In Waterloo, Ontario, workers are installing wells for a geo-exchange system that will heat and cool a new office development aiming to be one of the most energy efficient in Canada. What will be a LEED Platinum, net-positive office building that produces more energy than it consumes every year, is also known as Evolv1, a name that serves as a metaphor to its surroundings.
Situated within the David Johnston Research + Technology Park (R+T Park) in the Idea Quarter, near a 270-acre environmental reserve, the construction site neighbours forward-thinking tenants involved in everything from bio-technology and solar-power to the automotive industry and agri-food. The R+T Park is also home to the largest privately-owned green roof in southwestern Ontario, which, at the time it was built ten years ago, was the largest in Canada.
Companies there, along with a green team, are involved in ongoing strategies to reduce greenhouse gas emissions. This new building will follow suit, while also evolving old industry norms, showing that Class A office space can be developed in a highly sustainable, but commercially viable way.
“What we’re demonstrating with Evolv1 is that we’re able to develop it at market prices,” says Adrian Conrad, chief operating officer of The Cora Group, the project developer. “We’re hoping that it’s a catalyst for change in the industry, locally and beyond. With this new office space I want to change what employees and companies demand in their buildings, to show this can be done, and done cost effectively.”
Partners collaborating on the three-floor, 110,000 square-foot building include Sustainable Waterloo Region (SWR), anchor tenant EY Canada and The Cora Group who invested $35 million into the project. Another tenant has also committed to the space, which will open its doors in 2018 and is currently being preleased alongside Evolv2, a similar office building that will one day rise across the street.
Two years ago, project architect Stantec conducted a feasibility study to investigate what was possible in creating the building. The team then decided to target LEED Platinum design principles.
Aiming to go well beyond current green building practices and integrate systems that give back to the environment, a geothermal exchange system will extract heat from the ground to warm the building on cold days and send excess heat into the ground to cool the building on hot days.
Smart, dimmable 1-10V LED lighting will be installed throughout the building, along with a variable refrigerant flow HVAC system. And about 1.5 acres of 700 kilowatt photovoltaic solar panels will blanket the roof and carport, generating clean electricity in the face of rising energy costs. They are projected to generate about 106 to 110 per cent of the building’s energy requirements.
Triple-glazed windows will salvage insulation concerns, while also adding an abundance of natural light.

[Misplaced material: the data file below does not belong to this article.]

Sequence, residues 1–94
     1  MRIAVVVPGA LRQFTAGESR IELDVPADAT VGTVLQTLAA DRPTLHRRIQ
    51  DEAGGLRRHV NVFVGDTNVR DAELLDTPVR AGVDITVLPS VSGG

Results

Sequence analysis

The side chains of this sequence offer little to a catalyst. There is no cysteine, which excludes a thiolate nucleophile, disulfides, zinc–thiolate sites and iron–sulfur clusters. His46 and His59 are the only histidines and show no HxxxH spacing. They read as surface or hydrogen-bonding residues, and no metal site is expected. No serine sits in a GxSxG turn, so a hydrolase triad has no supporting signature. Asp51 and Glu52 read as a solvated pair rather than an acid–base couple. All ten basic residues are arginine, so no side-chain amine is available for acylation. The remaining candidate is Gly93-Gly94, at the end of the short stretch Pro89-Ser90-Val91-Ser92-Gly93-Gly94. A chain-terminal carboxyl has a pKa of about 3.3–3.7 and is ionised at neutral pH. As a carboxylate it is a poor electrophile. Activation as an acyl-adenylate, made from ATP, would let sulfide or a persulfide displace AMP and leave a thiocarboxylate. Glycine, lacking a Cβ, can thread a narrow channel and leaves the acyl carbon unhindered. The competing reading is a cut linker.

“What occupants will find is they are, at most, 40 feet away from a window anywhere in the building,” adds Conrad. “So, we’ll end up building what is highly sustainable, but also really great office space. With our mechanical system, we’re also designing for higher air changes than normal – the more fresh air, the more comfortable the office.”
Another way the design targets good air quality is with the addition of a solar wall on the south elevation. An aluminum perforated wall will be installed with an air cavity behind it so the building passively preheats air without using energy, before the mechanical system carries it into the space.
Two years ago, SWR, EY, The Cora Group and the R+T Park came together with a collective vision of what they wanted to achieve. The team is also working with a community development psychologist from Wilfred Laurier University on how best to engage tenants in the building.
“Four organizations have been jointly undergoing this vision as a whole, knowing the needs of the tenants is part of the success of the building,” says Tova Davidson, executive director of SWR. “There is someone sitting in on meetings every three weeks to help guide decisions as the voice of the tenant, which creates an integrated design process.”
When SWR wrote their strategic plan in 2013, a home for sustainability was on the list, where interested parties would come together to work on running more sustainable businesses. For SWR and its partners, they aim to transform Evolv1 into a highly sustainable workplace, but also add a cleantech innovation hub on the main floor.
“The building is the foundational piece,” adds Davidson. “Without the building, none of this could be possible, and we’re looking to do additional things to be even more innovative and create a clean economy cluster in the region, growing the network we already have.”
Through the City of Waterloo, Evolv1 received funds from the Green Municipal Fund to help with the feasibility study. The City will soon share those findings as a way to “disrupt the development industry” and make such green buildings less of an apprehensive process.
As for The Cora Group, it has been undertaking sustainable developments for a while now, with three of its office buildings earning LEED Gold, including the R+T Park’s innoTECH Building — the first LEED multi-tenant office building in Southwestern Ontario. Each building is more sustainable than the next, and Conrad is often asked why he cares and why he “does what he does.”
“It’s all about passion,” he says. “When I sit down with Tova at Sustainable Waterloo Region, Carol Stewart at the University of Waterloo (R+T Park) or a partner at EY, it’s a group of people who are passionate about seeing change. You invest so much time into doing something like this; it’s the passion of trying to create, change the industry and do what’s right for the community.”